Over the past few days, I’ve been reading The Dhandho Investor which reading led me to investigate a little more about the author, Mohnish Pabrai (I often like to read about authors whose works I’ve enjoyed). Pabrai is an Indian-American investor who from the mid-90’s to 2013 achieved a pretty impressive annualised return (more on that below!). He comes across as intelligent, down to earth and genuine. I first heard about Pabrai from John Huber of Saber Capital Management who posted a link to an online recording of a seminar Pabrai gave at Columbia University’s Business School during the (northern hemisphere) Spring of 2013. If you’ve got a spare 1hr 20mins you can watch the entire seminar with Q&A via the link above (the lecture itself lasts around 1hr). I highly recommend it.
In the seminar, Pabrai recalled having sold his IT services business in 1994 and with $1mln USD in hand decided to start investing. He talked of examining Warren Buffet’s track record, during 3 time periods:
1950-1956 43% annualised return
1957-1964 27.7% annualised return
1965-1993 29.1% annualised return.
Buffett averaged a 31% annualised return between 1950 and 1993.
and asked himself ‘why not play a 30 year game and see if I could double my money every 3 years. He noted to do this requires a 26% p.a. return.
How do you compound at 26%
Pabrai supposed you can’t beat the indices by trying to beat the indices, and that absolute targets are a must. He also suggested not buying something that isn’t very likely to go up 2-3 times in the next 2-3 years. He also shared some words from Hindu Monk Swami Vivekananda which I thought were inspiring:
“Take up one idea, make that one idea your life. Think of it, dream of it, live on that idea. Let the brain, muscles, nerves, every part of your body, be full of that idea, and just leave every other idea alone. This is the way to success” – Swami Vivekananda
So how did Pabrai fare? From 1995-1993 Pabrai returned 25.7% p.a. (this included the dot.com bubble and the 2008 GFC!)
Mohnish provided some examples of his portfolio construction at 2013 and in the past, and the changes he made to ensure he wouldn’t suffer as huge losses as he did in 2008 when he had a highly concentrated portfolio.
- the first 75% of his cash goes to equities likely to double in value in 2-3 years (positions are ~10% each, so 7-8 positions)
- the next 10% goes to equities likely to appreciate a minimum 3x in 2-3 years
- next 5% must rise a min. 4x in 2-3 years
- next 5% must rise a min. 5x in 2-3 years
- and the last 5% must rise by more than 5x rise in 2-3 years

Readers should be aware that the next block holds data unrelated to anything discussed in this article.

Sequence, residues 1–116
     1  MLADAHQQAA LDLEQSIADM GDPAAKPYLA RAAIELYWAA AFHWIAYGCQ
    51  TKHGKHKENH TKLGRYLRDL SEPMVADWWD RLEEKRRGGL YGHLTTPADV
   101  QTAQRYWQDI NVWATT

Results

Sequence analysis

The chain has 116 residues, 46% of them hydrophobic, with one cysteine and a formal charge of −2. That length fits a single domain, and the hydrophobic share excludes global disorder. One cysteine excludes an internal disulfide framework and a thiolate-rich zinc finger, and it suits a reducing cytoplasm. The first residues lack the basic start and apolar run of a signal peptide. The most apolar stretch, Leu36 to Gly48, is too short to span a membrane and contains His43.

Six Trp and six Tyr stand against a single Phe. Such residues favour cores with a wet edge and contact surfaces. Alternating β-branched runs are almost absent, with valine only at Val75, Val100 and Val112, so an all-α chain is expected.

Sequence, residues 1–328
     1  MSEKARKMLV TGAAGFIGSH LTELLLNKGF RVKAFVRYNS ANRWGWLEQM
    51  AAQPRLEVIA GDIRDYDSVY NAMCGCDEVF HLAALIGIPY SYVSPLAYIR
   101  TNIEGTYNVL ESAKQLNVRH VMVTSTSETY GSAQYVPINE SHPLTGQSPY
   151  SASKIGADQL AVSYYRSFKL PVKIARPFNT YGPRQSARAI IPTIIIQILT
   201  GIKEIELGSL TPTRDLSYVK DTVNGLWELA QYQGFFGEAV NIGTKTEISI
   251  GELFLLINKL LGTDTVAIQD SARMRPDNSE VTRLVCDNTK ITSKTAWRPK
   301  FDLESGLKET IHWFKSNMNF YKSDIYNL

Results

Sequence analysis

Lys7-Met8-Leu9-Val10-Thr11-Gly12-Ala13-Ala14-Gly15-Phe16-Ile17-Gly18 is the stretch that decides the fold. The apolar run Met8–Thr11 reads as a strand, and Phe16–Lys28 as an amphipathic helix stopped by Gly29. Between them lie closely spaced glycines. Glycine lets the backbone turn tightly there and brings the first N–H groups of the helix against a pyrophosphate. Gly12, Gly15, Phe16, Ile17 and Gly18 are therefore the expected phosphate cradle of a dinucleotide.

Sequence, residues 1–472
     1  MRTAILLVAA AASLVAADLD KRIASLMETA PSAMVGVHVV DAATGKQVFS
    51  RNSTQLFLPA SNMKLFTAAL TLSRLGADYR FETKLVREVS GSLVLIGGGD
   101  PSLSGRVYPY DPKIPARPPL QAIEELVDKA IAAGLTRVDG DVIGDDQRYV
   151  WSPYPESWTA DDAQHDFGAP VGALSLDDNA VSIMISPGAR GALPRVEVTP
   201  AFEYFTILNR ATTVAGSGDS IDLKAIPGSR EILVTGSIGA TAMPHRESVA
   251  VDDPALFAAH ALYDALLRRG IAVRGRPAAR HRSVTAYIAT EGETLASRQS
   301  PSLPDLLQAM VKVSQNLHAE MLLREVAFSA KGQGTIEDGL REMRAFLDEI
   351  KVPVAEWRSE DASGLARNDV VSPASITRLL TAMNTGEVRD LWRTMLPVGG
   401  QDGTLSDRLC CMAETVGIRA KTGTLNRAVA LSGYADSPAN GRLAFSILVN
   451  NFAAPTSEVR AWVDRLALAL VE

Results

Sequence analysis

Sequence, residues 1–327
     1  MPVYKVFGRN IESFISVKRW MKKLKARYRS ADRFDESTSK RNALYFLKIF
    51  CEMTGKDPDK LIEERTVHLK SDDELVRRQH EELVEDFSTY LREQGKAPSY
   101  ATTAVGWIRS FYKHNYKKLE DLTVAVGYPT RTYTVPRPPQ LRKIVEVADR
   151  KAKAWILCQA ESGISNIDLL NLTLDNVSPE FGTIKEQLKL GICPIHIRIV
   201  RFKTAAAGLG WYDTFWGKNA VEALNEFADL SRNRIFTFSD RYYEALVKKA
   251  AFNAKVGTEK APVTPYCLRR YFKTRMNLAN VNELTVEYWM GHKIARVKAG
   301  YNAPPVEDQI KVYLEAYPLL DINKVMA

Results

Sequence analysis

Doing the math, Pabrai seems likely to hold around 11-12 positions, which is still fairly concentrated, although provides some diversification out of equity specific risk (non market risk) and makes ‘riskier’ bets a smaller proportion of his portfolio. In this way too, if Pabrai couldn’t find stocks likely to appreciate 3, 4 or 5+ times in the next few years, he would be ‘forced’ to sit on cash which would be a good hedge against a market decline.
Another strategy Pabrai recommended is using a checklist for every aspect of investing (screening, valuation, selling etc.), having someone to discuss your investments with and ‘cloning’ the best (which he suggests is reading their 13f’s but which you could extend to their methods/approaches to investing).
These ideas might seem simple, but it’s often the simple-yet-good ideas, implemented consistently which lead to great results. I won’t share too much more (lest you feel there’s no point in watching the seminar!) but there are tons of useful bits in there and at the Q&A which follows too. I ended up with 2-pages worth of notes in my word doc I had opened as a followed along.
Some of my own notes from the Q&A:
- Investing doesn’t need to be a full time job, you can do quite well as an investor even with 10hrs a week.
- Mohnish stated he can crack business models very fast, getting to its essence relatively fast (this is his edge)
- Make bigger bets and clone within your circle of competence (i.e. it’s not the size of your circle, but knowing it’s limits that’s important. Know your circle; Pabrai knew Indian computer company Satium (sic?) well, and was able to profit from this)
- in The Dahndho Investor, the Kelly formula looked at how to figure out your maximum bet given the odds of success. It can’t apply to investing because you don’t have the coin-toss analogy. You can’t make the bet 1000 times, you can only make an investment once. So…Don’t use the Kelly formula.
- Mohnish used to do 10×10 investing (10% allocation to each equity) but this led to problems in 2008 GFC.
- The beauty of the investment business is that you can be wrong 40% of the time and still come out looking good.
- The market isn’t always willing to wait for high returns, if you’re patient you can snag a miss-priced stock
- They key with moats is that you have to understand the business, which moats come in all sorts of shapes and sizes. In capitalism, all moats are going to be gone eventually. Identifying a moats durability is important, maybe 80% of the battle to an investment doing well.
- ‘if wealth is lost, nothing is lost, if health is lost, something is lost, if character is lost, everything is lost’ – keep investing in perspective.
- You can’t have a concentrated portfolio that’s high risk – it must be, “heads I win, tails I don’t lose much”
- Look at all the mistakes great minds made, especially when it was obvious it would happen and create a checklist to avoid these pitfalls.
Hope you enjoy the seminar and if you watched or know of Monish, I’d love for you to share your thoughts in the comments below! 🙂